Wednesday, December 29, 2010

Movie with Abe: Somewhere

Directed by Sofia Coppola
Released December 22, 2010

When Sofia Coppola makes a movie, it’s worth taking note. In eleven years, Coppola has only made four feature films, and they have all been quite distinctive and unique. Her first movie, “The Virgin Suicides,” was a tragic look at a group of doomed sisters whose lives become inconsolably lonely after a suicide. Her second was the Oscar-winning “Lost in Translation,” a film that got Bill Murray to be serious and truly established her as an artsy filmmaker with a taste for colors and careful cinematography. Her third was an overindulgent, lavish update on “Marie Antoinette” that just didn’t work. And now she presents “Somewhere,” a very subtle, often hypnotic look at celebrity and the relationship between a father and his daughter.

After utilizing too much pomp and noise in “Marie Antoinette,” Coppola is back to her token quietness, frequently lingering on the small moments and refusing to jump ahead to the next scene, even if little to nothing is happening. The almost-still cinematography is meant to illustrate the mundane nature of the life of actor Johnny Marco (Stephen Dorff). Viewers of the film get the chance to experience life as Marco does, occasionally bringing glimmers of excitement and adventure, but just as often seeming unfulfilling and sober. Enormous credit is due to cinematographer Harris Savides, who has collaborated frequently with another extremely artsy (though sometimes less positively so) director, Gus Van Sant, for his unflinching dedication to finding and extracting meaning in the most meaningless of situations.

From its start, which features Marco driving around a course, all alone, repeatedly, this is very clearly a Sofia Coppola film. Coppola has enlisted Phoenix, as with her previous films, for musical accompaniment for the film, and the track “Love Like a Sunset” is extraordinarily effective as a theme for the ever-wandering Marco. The mood Coppola creates for her film is perfect for its lead character, firmly establishing his semi-realized frustration and sadness with the inescapability of the life he’s living. That sentiment is underlined by the arrival of his daughter Cleo (Elle Fanning), whose presence makes him contemplate everything.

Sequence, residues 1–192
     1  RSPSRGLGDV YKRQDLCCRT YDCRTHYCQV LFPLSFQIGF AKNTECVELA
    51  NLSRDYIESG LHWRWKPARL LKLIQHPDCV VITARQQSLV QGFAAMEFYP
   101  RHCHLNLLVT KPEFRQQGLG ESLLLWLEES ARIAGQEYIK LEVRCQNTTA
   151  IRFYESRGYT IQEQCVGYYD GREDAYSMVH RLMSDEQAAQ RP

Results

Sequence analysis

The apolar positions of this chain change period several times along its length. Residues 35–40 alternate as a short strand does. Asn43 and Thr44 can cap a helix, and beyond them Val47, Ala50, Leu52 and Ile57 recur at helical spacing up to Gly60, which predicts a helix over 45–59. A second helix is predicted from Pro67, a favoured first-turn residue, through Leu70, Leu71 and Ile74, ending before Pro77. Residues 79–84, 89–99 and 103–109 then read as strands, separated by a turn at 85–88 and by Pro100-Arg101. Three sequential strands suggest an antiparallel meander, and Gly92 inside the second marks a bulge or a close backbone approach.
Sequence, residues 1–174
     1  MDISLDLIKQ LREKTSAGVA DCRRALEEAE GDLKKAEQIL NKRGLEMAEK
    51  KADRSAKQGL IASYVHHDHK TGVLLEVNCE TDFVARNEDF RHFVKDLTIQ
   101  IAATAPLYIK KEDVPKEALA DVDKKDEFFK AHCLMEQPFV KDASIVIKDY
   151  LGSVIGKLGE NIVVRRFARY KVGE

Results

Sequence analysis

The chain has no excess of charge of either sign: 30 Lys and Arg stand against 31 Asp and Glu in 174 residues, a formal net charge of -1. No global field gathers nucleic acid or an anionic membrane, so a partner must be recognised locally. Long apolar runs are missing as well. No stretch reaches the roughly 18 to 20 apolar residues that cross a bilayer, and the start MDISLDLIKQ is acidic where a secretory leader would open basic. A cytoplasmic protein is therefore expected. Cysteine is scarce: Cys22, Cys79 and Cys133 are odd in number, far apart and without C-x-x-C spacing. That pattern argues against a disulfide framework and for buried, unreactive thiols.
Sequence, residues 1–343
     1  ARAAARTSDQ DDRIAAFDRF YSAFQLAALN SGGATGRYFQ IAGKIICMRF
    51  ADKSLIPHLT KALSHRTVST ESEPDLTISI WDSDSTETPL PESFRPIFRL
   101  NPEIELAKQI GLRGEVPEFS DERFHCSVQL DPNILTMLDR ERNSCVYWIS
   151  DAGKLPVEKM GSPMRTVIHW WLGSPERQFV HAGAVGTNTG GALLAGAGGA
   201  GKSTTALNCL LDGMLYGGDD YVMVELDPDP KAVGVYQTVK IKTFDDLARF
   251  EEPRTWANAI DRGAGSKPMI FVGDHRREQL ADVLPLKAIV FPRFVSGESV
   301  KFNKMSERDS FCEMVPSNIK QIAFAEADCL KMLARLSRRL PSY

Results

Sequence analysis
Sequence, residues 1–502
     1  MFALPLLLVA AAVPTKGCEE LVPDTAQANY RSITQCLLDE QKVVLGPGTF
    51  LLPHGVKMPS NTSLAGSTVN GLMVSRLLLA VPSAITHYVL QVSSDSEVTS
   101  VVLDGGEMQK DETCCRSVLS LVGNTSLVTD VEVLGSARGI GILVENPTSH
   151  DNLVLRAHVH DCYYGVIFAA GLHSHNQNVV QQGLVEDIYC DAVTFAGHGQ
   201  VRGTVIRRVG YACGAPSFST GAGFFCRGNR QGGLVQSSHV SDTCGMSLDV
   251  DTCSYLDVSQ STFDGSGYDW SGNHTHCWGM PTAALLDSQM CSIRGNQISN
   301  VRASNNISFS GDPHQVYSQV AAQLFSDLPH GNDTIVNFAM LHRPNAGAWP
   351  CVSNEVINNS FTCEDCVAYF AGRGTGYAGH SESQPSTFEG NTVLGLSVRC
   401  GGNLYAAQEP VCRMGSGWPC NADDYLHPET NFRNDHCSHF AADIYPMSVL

Contemplative is a great word to describe “Somewhere,” and its performances are very much in line with that theme. Stephen Dorff, who has been acting for over a decade but hasn’t recently had any notable or very memorable roles, proves to be an excellent choice to play Marco. It’s especially fascinating to see his world-famous character interact with everyone he meets in such a muted, sad manner. Dorff also does a stellar job of understating Marco’s promiscuity, as the character beds nearly every woman he comes into contact with on screen. Fanning proves just as talented as her older sister Dakota, playing a very mature eleven-year-old but believably conveying her youth at the same time. In a film with precious little dialogue, it’s all worthwhile, thanks to the delivery by Dorff, Fanning, and the smaller players, and to a great script by Coppola. Oscar voters probably won’t take notice, but this film is entirely worthy of positive comparison to “Lost in Translation.”


1 comment:

Greg Boyd said...

I'll be interested to check this one out despite mixed reviews. "Lost in Translation" is probably in my top 20 movies of all-time. It's just amazing.

Got to agree about "Marie Antoinette", though. It was insanely dull and overindulgent (though Dunst was quite good in the title role).